5 Core Aspects of Employee Engagement
An organization must provide the meaningfulness and safety to an employee and only then the latter can ensure the availability of her real self completely for the organization
A study done by Dale Carnegie in the US shows companies with engaged employees outperform those without by more than 200%.
Various surveys point to a very dim fact that close to 80% of employees globally are not fully engaged. What could then amaze anyone is why don't the companies do something to improve on their employee engagement, given the fact that alone would improve their bottom-line.
"Employee Engagement" has perhaps become one of the most misused and misunderstood terms in the corporate world. A very basic test will show how disconnected we all have become from the original tenets of Employee Engagement.
How many times have you heard your manager saying, "Don't mix your personal and professional life," or "Don't bring your hobbies and passion to the office," or "You can do anything outside, but when in office, you should forget everything else..."?
Chances are that, we all have heard these many times, and we all feel this very strongly, somewhere deep in our mind, that we shouldn't bring our personal "self" in office and that we should become a different "self" - call it the professional "self" - the moment we step inside the four walls of the office. And that's the biggest blunder we all commit. That's why close to 80% of us haven't been ever engaged properly at the office.
If this sounds radical or ridiculous, let us hear from the horse's mouth, from Dr. William Kahn, professor of Organizational Behavior at the Boston University's Questrom School of Business and the one who has coined the term "Employee Engagement". Professor Kahn defined Personal Engagement in 1990 as the "harnessing of organization members' selves to their work roles; in engagement, people employ and express themselves physically, cognitively, and emotionally."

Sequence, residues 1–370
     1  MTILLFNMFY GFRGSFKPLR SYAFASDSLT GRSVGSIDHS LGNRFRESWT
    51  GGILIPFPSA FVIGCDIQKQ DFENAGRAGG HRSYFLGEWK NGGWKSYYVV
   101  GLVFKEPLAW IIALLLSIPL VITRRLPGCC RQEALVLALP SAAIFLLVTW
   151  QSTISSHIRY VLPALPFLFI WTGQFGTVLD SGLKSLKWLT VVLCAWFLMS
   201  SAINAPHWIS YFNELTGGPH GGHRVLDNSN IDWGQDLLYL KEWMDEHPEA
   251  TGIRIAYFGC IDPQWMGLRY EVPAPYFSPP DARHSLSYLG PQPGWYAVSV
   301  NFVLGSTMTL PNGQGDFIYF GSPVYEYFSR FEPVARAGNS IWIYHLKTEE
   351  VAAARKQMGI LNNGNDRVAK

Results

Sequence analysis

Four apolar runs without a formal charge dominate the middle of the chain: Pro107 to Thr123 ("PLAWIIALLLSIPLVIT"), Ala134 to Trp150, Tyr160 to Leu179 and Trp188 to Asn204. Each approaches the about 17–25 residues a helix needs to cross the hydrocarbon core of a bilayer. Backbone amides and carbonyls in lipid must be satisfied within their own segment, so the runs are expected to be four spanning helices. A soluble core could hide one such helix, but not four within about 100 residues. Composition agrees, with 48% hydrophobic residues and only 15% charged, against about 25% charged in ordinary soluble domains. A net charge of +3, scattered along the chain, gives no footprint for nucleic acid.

What Professor Kahn means is that if an organization expects an employee to put her best at work, it should create an atmosphere for her where she can safely bring her real and unpretentious "self" at work. If she is passionate about music, she can't leave aside the music at home. She should feel psychologically safe in bringing her musical self to office too. She should feel at home. She should feel safe not to hide either her weakness or her passion, whatever they are.
What Professor Kahn introduced as a theory, Google has converted that into law through the findings of its Aristotle Project, intended to find the best team at work. Charles Duhigg, a Pulitzer Prize-winning reporter for The New York Times discusses it in his book Smarter Faster Better: The Secrets of Productivity in Life and Business. "What Project Aristotle has taught people within Google," he says in his book, "is that no one wants to put on a ''work face'' when they get to the office. No one wants to leave part of their personality and inner life at home. But to be fully present at work, to feel ''psychologically safe"."
Only when someone would feel "psychologically safe" in office, would she find the real meaning and value at work?
A simple anecdote speaks all about meaningfulness. John F Kennedy, during a visit to The NASA Space Center in 1962, stopped by a janitor and said, "I'm Jack Kennedy. What are you doing?" Promptly came the answer from the janitor, "I'm helping put a man on the moon." Very few employees would feel so meaningful and valued at work.